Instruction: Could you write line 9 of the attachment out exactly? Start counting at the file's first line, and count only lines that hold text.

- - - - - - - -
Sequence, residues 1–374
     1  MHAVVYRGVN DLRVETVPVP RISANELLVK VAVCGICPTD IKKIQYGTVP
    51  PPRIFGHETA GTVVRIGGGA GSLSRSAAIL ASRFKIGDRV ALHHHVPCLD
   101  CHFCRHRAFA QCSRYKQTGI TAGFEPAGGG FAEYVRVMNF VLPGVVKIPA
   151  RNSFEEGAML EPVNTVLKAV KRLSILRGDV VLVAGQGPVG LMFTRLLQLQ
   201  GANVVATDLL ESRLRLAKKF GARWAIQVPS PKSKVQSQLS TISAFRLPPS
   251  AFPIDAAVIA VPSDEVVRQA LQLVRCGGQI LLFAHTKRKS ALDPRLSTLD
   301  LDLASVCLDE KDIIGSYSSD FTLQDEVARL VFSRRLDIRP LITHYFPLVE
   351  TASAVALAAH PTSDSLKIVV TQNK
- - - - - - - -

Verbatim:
   351  TASAVALAAH PTSDSLKIVV TQNK